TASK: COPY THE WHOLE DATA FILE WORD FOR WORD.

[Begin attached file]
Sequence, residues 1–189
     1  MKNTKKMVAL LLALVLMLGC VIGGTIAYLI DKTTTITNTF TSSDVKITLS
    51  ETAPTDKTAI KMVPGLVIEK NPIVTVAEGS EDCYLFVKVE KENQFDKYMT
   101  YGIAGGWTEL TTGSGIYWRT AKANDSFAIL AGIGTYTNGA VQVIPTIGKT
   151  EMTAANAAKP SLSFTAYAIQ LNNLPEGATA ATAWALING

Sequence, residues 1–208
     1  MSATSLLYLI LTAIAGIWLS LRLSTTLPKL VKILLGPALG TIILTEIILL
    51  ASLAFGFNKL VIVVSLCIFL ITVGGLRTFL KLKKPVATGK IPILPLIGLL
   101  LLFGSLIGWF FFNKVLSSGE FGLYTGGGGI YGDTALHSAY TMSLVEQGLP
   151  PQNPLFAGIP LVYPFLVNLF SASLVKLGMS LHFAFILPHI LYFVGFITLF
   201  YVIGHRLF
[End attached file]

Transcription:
Sequence, residues 1–189
     1  MKNTKKMVAL LLALVLMLGC VIGGTIAYLI DKTTTITNTF TSSDVKITLS
    51  ETAPTDKTAI KMVPGLVIEK NPIVTVAEGS EDCYLFVKVE KENQFDKYMT
   101  YGIAGGWTEL TTGSGIYWRT AKANDSFAIL AGIGTYTNGA VQVIPTIGKT
   151  EMTAANAAKP SLSFTAYAIQ LNNLPEGATA ATAWALING

Sequence, residues 1–208
     1  MSATSLLYLI LTAIAGIWLS LRLSTTLPKL VKILLGPALG TIILTEIILL
    51  ASLAFGFNKL VIVVSLCIFL ITVGGLRTFL KLKKPVATGK IPILPLIGLL
   101  LLFGSLIGWF FFNKVLSSGE FGLYTGGGGI YGDTALHSAY TMSLVEQGLP
   151  PQNPLFAGIP LVYPFLVNLF SASLVKLGMS LHFAFILPHI LYFVGFITLF
   201  YVIGHRLF